While I was a kid growing up in the church, my Dad would tells us that we get a secret new name in the temple. He said he knew Mom's name but she couldn't know his. That way, he was taught in the temple, he would be able to find her in heaven. Of course, us being curious kids, we tried to get him to tells us his name but he never would.

So many years later when I went through the temple, I was disappointed that my new name was not something cool or unique. Mine was Alma. After all those years of anticipation and all I get was Alma. I was hoping for something like Mahonrimoriankumer.

I had no idea was was going to happen to me in the temple before I went in for the first time on my wedding day.

Imagine: You are taken to a locker room (think High School PE class). You get undressed, and are whispered to put the "shield" (which is nothing more than an open white poncho) on and then you take your new underear in hand with you to this shower curtain cubicle.

Since I was married a log time ago before they removed the slitting-one's-throat pantomime, the old polygamy-style one-peice long-john, undies were the "temple garment" for my initiatory ordinance.

Keep in mind, this was my wedding day!

Since I was taught my whole life not to question anything in the gospel by those I most loved (my mother, aunties, grandparents, and returned-missionary husband to be), in I went to peform whatever rituals awaited me.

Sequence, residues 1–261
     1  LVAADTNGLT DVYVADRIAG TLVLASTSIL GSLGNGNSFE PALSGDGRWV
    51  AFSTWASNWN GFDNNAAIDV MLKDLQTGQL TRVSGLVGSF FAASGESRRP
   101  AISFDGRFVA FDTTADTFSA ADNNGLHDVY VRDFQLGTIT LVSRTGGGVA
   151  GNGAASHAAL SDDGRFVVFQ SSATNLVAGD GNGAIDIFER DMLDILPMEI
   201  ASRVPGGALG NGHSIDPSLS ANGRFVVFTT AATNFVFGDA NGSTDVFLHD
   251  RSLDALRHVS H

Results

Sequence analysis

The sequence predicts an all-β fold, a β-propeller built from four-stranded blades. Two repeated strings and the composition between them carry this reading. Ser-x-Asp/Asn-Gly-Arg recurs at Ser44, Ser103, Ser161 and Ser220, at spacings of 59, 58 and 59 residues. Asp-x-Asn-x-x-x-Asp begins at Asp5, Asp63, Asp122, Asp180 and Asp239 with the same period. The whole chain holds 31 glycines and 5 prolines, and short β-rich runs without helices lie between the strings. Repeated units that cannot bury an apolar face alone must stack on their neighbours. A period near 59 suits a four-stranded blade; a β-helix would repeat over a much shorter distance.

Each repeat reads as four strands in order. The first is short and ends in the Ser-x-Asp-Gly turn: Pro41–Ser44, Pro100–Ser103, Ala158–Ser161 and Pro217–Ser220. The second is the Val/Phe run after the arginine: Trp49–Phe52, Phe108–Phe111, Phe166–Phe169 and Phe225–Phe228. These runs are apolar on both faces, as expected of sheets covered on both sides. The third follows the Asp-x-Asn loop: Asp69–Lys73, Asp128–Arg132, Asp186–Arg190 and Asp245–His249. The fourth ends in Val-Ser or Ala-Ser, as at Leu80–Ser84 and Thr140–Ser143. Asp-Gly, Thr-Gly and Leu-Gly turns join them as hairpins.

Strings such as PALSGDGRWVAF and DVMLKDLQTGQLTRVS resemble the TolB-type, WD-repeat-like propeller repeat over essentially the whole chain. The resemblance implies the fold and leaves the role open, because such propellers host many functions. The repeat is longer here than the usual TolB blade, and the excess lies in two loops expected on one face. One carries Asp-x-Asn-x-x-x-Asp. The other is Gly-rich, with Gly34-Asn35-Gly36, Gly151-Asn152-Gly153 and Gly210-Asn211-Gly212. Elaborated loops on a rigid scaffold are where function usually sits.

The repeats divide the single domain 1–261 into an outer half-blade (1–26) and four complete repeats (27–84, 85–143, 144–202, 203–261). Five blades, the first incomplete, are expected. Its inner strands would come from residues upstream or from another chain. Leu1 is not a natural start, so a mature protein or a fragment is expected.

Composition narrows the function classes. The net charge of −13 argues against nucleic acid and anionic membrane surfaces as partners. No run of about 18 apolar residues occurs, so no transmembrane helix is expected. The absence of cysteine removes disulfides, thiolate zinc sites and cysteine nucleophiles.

Honestly, I knew something was wrong with this picture at that moment, but dared not verbalize it.

The naked touching began, all in the guise of holiness. I realized in that moment that everyone in my good Mormon family had gone through this too. Why didn't they tell me? Then it was done. The temple worker took the new garment, and held it open for me to step into. Why? I don't know. (At that time, all garments were one piece. Perhaps so we did not fall down from the slick floor?)

And back to the locker room to now put my pretty dress over those polygamist long-john underwear. And this was wedding day. The first person on one's wedding day to touch you in the temple is not your husband or wife. After all those years of being taught not to pet, or touch another person, the first person to touch your naked body on your wedding day is a stranger.